I had a limited interaction with Burbank when he was the administrative lieutenant for a previous chief (I believe it was Rick Dinse). One of my former cotenants in the Salt Lake City apartment in which I was living at the time decided to punctuate his disagreement and displeasure with me by breaking a window out of my car. After an officer came and took a report of the incident (while I understand that it was relatively minor and would not have received high priority) I contacted the department to express concern over a response time that was over two hours. Notwithstanding the incident’s relatively minor nature, then-Lieutenant Burbank took my concern seriously. He struck me as wonkish, in the very best sense of that word. He conducted a statistical analysis comparing response times to similar incidents for, I believe, the previous year, and determined that the response time to my report was slightly longer than the average.

The bottom line about Burbank, I think, is this. Sometimes, the best barometer of whether someone in public service and who has been bestowed public trust is doing a good job is the number of people who are pleased with him: sometimes, he can be sure he’s doing a good job when, say, a third of those he serves are neutral, a third favor his actions, and a third oppose them; and sometimes, he can be sure he’s doing a good job when the favor-oppose split is roughly equal; but sometimes, depending on the principles involved and the reasons for opposition, he can be sure he’s doing a good job even when the majority of those he serves oppose him. Chief Burbank may have faced that last circumstance with respect to both his stance on immigration enforcement by local police and his handling of the Moutsos matter. In any event, whatever mistakes he made, with respect to his ouster, I think Burbank is right: essentially, he has been sacrificed on the altar of electoral politics. Salt Lake City, its police department, the state of Utah, and law enforcement in general are all the poorer for it. The Tribune got this one right.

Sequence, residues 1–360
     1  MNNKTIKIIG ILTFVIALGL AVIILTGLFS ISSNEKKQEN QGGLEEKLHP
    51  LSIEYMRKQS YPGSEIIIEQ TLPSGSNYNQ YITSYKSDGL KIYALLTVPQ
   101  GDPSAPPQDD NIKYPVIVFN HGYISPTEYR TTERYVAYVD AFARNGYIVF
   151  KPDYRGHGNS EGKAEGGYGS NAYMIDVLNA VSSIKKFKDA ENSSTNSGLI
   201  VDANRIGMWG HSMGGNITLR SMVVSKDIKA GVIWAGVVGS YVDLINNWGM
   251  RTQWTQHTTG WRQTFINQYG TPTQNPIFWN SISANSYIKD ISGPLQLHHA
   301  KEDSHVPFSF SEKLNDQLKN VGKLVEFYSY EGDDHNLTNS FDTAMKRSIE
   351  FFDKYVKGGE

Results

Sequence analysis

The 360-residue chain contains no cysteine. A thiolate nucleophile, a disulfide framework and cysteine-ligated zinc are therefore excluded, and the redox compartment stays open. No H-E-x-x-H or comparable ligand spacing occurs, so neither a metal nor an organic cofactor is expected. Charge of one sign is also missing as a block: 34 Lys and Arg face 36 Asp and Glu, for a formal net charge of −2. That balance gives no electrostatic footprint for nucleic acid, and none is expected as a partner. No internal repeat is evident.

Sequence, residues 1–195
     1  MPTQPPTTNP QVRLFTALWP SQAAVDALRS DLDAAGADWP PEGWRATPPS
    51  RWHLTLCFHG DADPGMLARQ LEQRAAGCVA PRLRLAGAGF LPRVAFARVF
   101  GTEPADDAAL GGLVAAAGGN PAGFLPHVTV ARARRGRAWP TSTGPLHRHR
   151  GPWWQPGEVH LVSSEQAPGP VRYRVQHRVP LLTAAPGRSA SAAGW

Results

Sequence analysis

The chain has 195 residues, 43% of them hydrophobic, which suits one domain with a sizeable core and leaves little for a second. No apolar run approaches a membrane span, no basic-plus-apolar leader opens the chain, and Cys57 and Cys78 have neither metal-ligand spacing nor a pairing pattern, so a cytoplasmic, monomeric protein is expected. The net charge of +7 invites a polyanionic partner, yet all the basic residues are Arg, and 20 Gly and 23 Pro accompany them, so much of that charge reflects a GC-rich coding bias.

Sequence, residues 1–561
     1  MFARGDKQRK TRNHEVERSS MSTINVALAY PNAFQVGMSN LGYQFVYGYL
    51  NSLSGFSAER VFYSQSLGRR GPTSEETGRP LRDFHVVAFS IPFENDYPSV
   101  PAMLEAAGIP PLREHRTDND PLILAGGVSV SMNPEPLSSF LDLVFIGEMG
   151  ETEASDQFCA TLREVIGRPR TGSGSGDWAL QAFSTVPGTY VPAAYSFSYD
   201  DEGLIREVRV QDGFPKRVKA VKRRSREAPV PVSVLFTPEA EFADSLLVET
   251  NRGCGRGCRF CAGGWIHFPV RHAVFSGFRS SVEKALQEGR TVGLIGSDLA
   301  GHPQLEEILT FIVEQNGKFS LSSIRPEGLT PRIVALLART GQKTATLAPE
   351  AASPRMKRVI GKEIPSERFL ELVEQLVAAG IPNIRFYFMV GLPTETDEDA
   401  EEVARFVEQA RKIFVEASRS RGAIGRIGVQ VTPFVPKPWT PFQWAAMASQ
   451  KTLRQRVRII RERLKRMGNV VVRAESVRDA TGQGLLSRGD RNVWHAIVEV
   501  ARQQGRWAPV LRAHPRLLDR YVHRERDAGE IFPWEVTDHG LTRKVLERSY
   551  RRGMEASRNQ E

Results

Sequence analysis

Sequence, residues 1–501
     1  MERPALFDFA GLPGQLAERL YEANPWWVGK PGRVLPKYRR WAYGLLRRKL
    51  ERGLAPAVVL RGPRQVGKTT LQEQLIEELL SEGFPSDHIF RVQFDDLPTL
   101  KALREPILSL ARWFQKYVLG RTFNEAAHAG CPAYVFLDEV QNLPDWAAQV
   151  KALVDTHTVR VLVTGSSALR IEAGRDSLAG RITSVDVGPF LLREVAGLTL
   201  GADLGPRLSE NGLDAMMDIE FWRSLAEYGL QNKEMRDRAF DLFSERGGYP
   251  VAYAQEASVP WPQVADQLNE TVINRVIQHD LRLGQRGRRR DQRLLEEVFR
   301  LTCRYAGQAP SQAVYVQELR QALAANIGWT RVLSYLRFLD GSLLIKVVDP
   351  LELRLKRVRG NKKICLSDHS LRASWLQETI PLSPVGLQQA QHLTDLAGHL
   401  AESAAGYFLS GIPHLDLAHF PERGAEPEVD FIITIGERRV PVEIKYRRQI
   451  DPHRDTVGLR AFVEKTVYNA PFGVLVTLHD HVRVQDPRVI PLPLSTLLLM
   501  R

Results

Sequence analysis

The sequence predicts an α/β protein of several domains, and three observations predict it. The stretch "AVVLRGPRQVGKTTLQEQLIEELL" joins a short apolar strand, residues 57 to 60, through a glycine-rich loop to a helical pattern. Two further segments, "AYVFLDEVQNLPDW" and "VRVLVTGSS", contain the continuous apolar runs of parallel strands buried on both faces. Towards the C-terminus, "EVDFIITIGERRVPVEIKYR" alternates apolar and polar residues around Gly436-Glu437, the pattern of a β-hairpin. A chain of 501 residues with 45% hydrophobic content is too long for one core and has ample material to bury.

END NOTES

1.

Editorial (June 13, 2015), “Salt Lake City chief deserved better exit,” The Salt Lake Tribune, accessed on line at http://www.sltrib.com/opinion/2618314-155/editorial-salt-lake-city-chief-deserved on June 15, 2015.

2.

Paul Rolly (June 13, 2015), “Why Salt Lake City is going to miss Chief Burbank,” The Salt Lake Tribune, accessed on line at http://www.sltrib.com/home/2618203-155/rolly-why-salt-lake-city-is on June 15, 2015.

3.

Id., in comments following Rolly’s piece.

4.

Ken K. Gourdin (July 7, 2014) “Officer criticized for shooting dog: ‘Geist’ shooting should be kept in perspective” (Blog post), accessed on line at the following address on June 15, 2015: https://greatgourdini.wordpress.com/2014/07/07/officer-criticized-for-shooting-dog/.

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About kenngo1969

Just as others must breathe to live, I must write. I have been writing creatively almost ever since I learned to write, period! I have written fiction, book- and article-length nonfiction, award-winning poetry, news, sports, features, and op-eds. I hope, one day, to write some motivational nonfiction, a decent-selling novel, a stage play, and a screen play.